Mansour Wakim

Harry Potter: Wizards Unite is now available in the US and UK, one day earlier than promised

Posted by | Gaming, HPWU, niantic, Pokémon Go, TC, wb games | No Comments

Earlier this week, Niantic announced that Harry Potter: Wizards Unite — the company’s Potter-themed followup to Pokémon GO — would start rolling out to the world on June 21st.

Looks like they decided to get the ball rolling a bit early, though. The game just went live on the iOS and Android app stores in the U.S. and U.K., one day earlier than advertised. Wands at the ready!

As expected (and as with Pokémon GO), the launch is being rolled out on a country-by-country basis, rather than going live for the entire world all at once. It has spent the last few weeks in a kinda-sorta beta phase, available in Australia and New Zealand to those who didn’t mind dealing with some pre-launch bugs. Today it rolled out to the U.S./U.K., and it’ll open up to more countries as Niantic determines its servers are up for it.

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Harry Potter: Wizards Unite will launch on June 21st

Posted by | Gaming, harry potter, niantic, TC, wb games, wizards unite | No Comments

After a year of teasing out Harry Potter: Wizards Unite, Niantic (the company behind Pokémon GO) and WB Games have at long last announced an official release date for the game: June 21st.

The news came this evening at a press event held just outside of Universal Studios’ Wizarding World (where else?). Though details were light, Niantic also confirmed plans to hold events similar to its Pokémon GO Fests for this new Potter title.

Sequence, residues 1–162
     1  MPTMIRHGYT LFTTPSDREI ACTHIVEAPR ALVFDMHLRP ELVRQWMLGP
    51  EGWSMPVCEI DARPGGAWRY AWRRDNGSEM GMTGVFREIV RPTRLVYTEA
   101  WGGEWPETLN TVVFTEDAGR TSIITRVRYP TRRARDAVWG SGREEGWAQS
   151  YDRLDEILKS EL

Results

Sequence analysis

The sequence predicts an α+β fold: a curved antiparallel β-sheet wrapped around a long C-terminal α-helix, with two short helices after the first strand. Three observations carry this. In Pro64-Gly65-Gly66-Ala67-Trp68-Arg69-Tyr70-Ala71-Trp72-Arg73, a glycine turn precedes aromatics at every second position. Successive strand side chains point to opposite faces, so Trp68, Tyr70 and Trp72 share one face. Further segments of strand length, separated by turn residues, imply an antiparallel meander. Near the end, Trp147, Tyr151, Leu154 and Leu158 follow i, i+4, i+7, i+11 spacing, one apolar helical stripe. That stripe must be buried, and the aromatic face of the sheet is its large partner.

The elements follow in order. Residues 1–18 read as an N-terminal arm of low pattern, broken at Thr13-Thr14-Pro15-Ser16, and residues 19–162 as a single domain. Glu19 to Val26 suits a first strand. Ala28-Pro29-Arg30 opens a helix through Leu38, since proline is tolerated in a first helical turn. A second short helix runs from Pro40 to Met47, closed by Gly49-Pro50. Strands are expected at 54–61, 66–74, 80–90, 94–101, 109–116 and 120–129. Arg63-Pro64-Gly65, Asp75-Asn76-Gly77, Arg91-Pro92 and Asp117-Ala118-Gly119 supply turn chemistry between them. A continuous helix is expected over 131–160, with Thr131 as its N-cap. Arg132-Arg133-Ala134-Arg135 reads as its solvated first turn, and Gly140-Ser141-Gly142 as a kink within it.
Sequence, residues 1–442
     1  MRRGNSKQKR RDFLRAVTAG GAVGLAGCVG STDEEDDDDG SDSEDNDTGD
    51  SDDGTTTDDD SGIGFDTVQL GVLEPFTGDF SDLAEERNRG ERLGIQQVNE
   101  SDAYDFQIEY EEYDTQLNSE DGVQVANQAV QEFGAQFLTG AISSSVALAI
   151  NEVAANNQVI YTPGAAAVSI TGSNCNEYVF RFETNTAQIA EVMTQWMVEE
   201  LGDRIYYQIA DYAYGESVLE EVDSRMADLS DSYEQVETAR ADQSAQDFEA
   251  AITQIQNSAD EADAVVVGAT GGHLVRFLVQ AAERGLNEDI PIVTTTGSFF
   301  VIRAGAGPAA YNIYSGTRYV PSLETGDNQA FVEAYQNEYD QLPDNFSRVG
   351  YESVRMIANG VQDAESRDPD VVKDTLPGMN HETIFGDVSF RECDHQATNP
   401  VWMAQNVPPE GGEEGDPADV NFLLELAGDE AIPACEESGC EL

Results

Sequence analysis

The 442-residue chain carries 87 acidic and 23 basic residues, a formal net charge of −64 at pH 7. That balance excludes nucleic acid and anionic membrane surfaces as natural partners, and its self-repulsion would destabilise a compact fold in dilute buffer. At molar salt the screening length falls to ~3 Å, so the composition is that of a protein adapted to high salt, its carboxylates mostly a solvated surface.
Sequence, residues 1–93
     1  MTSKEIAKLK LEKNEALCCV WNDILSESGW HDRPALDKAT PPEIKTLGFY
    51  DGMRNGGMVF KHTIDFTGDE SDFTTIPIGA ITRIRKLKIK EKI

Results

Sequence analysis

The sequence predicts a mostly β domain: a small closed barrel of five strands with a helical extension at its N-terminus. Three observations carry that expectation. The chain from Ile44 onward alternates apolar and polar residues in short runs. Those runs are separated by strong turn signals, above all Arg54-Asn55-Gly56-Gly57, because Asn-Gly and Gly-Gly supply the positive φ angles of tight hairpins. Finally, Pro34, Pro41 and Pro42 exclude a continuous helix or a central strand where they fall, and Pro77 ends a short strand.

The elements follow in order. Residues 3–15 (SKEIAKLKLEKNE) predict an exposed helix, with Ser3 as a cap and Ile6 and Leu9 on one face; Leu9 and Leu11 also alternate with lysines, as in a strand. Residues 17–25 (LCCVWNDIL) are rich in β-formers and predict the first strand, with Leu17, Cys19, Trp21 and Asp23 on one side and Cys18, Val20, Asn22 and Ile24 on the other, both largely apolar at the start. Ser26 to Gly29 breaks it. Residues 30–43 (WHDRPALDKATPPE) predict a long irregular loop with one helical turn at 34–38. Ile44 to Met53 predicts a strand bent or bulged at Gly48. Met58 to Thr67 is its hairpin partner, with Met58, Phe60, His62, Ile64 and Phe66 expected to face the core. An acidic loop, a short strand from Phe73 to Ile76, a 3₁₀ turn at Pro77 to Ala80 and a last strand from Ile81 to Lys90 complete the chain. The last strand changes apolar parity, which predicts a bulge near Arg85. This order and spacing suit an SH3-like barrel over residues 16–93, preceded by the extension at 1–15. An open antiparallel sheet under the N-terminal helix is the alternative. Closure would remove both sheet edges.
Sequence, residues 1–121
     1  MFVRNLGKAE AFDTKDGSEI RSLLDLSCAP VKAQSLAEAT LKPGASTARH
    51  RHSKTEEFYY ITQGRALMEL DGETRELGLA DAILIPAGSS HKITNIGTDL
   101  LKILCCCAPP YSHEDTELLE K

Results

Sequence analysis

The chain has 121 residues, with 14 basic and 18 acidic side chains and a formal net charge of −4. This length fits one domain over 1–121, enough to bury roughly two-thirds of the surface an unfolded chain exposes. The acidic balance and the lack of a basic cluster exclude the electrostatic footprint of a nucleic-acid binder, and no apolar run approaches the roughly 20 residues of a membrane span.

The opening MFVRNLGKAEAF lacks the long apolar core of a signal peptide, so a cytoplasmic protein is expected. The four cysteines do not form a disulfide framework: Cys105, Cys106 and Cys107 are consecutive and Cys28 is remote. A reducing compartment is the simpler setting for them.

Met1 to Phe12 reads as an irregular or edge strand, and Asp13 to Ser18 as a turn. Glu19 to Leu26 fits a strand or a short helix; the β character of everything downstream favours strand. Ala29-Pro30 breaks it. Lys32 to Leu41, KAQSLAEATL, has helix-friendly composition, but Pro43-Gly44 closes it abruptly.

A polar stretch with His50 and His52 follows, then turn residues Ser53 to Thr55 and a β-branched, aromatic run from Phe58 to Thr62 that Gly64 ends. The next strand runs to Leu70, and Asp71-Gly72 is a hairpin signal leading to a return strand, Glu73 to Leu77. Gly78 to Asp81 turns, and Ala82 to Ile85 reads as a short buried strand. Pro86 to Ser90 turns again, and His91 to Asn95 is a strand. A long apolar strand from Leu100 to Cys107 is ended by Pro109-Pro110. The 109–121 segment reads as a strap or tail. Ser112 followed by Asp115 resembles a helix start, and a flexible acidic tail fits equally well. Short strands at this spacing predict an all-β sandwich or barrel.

The game first rolled out in a limited “beta” phase in early May, available only in Australia and New Zealand. I asked if the June 21st date was for a worldwide release, and was told that June 21st marks the beginning of a wider country-by-country rollout, with the U.S. and U.K. getting access first.

Curious as to what Niantic’s Potter-themed follow-up to Pokémon GO is like? We went hands-on with an early build about three months ago, and you can find our impressions here.

Update: The launch trailer just dropped (embedded below) and sure enough, the video description confirms that it’ll arrive in the U.S. and U.K. first.

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Samsung exec says the Galaxy Fold is ‘ready to hit the market’

Posted by | galaxy fold, hardware, Mobile, Samsung, samsung galaxy fold, smartphones | No Comments

As we asked back in February, “We’re ready for foldable phones, but are they ready for us?” The answer, so far, has been an enthusiastic, “not really.” The Galaxy Fold was pushed back after multiple review units crapped the proverbial bed. And just last week, Huawei noted that it was holding off on its own Mate X release, citing Samsung’s issues as a cautionary tale. 

Samsung, at least, may finally be ready to unleash its foldable on the world, two months after its planned release. “Most of the display problems have been ironed out,” Samsung Display Vice President Kim Seong-cheol told a crowd at an event in Seoul this week, “and the Galaxy Fold is ready to hit the market.”